The Society of Collision Repair Specialists (SCRS) recently published the agreement, saying it felt that some of the requirements warranted being made public. As an insurance company executive, I often wonder what the association’s true intent is. My guess is that it’s not because they were trying to foster good relations with insurers.
Personally, I think it’s a childish reaction to a big-boy problem. Hopefully, they feel they accomplished their mission. I can assure you that it doesn’t build trust or confidence with any insurance company or organization looking to build common ground with the association.
But enough of that rant. What I’d like to focus on is some critique of the concerns about the requirements that SCRS raised, and my view of the stupidity surrounding agreements like this one. Suffice it to say, no one shall be spared the rod.
SCRS states that insurance carriers have continued to increase pressure over repair shops to obtain the quickest and cheapest repair. Does that really sound like a bad thing? Anyone operating a for-profit business should be doing the exact same thing. Don’t body shop owners pressure their staff and technicians to perform the quickest, most economical repair?
SCRS goes on to further state that to improve business conditions, body shops need to find their voice. I have a suggestion. You don’t need to find your voice. You need to find something else that only males have. I would suggest letting your actions dictate what your voice and mind are saying. If it’s not good business, don’t sign the agreement. Don’t fax, mail or e-mail a response. Silence can be deafening.
I would argue that it must not be too bad or else people wouldn’t do it. The trade-offs are apparently worth it to thousands of shops. That doesn’t make one shop better or worse than the other. It simply means that one man’s trash is another man’s treasure.
Would you sign that agreement if you had to give up an ownership stake in your business? Complain if you like but ultimately, you decide what you want for your business. Being a COD shop wouldn’t be worth giving up even a small portion of your business no matter how small of a percentage.
To SCRS’ credit, I agree that there are quite a few undesirable items noted in their press release about the COD agreement. The “most favored customer” clause—which requires the shop to give Farmers the best pricing it offers any other insurer—is a stroke of genius. State Farm struck gold with this one a few years ago. Farmers is trying to ride State Farm’s coattails by including a similar requirement.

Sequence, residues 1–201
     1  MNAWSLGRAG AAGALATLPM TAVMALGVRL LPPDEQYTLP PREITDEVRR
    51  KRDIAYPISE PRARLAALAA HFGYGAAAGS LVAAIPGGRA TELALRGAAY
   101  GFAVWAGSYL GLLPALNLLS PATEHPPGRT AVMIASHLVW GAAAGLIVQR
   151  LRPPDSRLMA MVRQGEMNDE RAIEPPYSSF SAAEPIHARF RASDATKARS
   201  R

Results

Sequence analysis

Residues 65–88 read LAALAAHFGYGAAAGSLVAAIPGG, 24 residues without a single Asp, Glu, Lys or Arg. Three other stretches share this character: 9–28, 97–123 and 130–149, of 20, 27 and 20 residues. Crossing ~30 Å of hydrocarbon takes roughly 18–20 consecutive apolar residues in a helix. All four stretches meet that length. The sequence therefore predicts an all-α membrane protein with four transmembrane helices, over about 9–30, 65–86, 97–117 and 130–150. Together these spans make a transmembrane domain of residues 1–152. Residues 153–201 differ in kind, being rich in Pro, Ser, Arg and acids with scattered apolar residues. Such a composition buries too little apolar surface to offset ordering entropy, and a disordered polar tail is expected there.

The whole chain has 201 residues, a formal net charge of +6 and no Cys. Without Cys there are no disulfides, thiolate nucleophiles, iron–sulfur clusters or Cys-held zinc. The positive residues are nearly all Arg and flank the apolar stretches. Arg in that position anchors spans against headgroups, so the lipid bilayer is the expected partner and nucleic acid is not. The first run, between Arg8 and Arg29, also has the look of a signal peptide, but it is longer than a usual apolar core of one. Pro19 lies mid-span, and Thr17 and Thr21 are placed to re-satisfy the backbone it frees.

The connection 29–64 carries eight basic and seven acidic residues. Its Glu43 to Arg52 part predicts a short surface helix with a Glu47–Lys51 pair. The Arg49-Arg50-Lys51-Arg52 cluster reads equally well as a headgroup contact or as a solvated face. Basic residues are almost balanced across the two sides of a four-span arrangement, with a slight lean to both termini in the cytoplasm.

I think this is a fair clause if you are State Farm and the largest insurance carrier in the United States. Why shouldn’t they expect to receive the best discount you offer? But it’s ridiculous that Farmers assumes they are entitled to the same discount structure. That’s similar to Kohl’s or Sears demanding the same discount structure from their vendors that Wal-Mart receives. You shouldn’t throw around your weight where it doesn’t belong. Clearly, Farmers is leveraging the industry’s inability to unite.
Remember that in any relationship, power is given. Body shops have given insurers the power to make demands. Shops have given insurers the puppet-strings.
I’m laughing inside because most of you don’t realize you have the power to change it. If you’ve ever seen ‘The Wizard of Oz,” you know Dorothy had the power to return home any time she wanted. I’m not suggesting you simply need to click your heels and recite, “There’s no place like home,” but it is almost that easy. Obviously, you don’t have any strings attached to you. You aren’t a puppet. You don’t have to jump when the puppet-master pulls your strings. The sooner you realize it, the quicker that ridiculous direct repair agreements become a thing of the past.
What makes Farmer’s “most favored customer” clause unique is the requirement that once a quarter you provide a written, I-swear-on-my-life, cross-my-heart-and-hope-to-die statement that you are in compliance with the terms of that provision. Give me a break! I think Farmers would be better served if it took the money it will spend to receive, document and follow-up with their COD shops on this and donate it to a charity instead. It would get more press and accomplish more. Body shops aren’t criminals on parole requiring a weekly or monthly check to ensure they aren’t breaking the law. Farmers should remove this portion of the requirement if for no other reason to show that they trust their COD partners.
What happened to the good ol’ days when a man’s word and a handshake was all that was needed? I miss John Wayne and those days.
For more information, here is a link to the Farmer’s COD Agreement; http://autoepi.org/uploads/Farmers_COD_Agreement_-_2011.pdf_-_Adobe_Acrobat_Pro.pdf
http://www.scrs.com/pdf-news/PR%206-20-2011%20SCRS%20Releases%20DRP%20Agreement%20Guidelines%20-%20FINAL.pdf for SCRS’s press release about the agreement.
The Insider is a corporate-level executive with a Top 10 auto insurer in the U.S.. Got a comment or question you’d like to see him address in a future column? Email him at Auto.Insurance.Insider@gmail.com.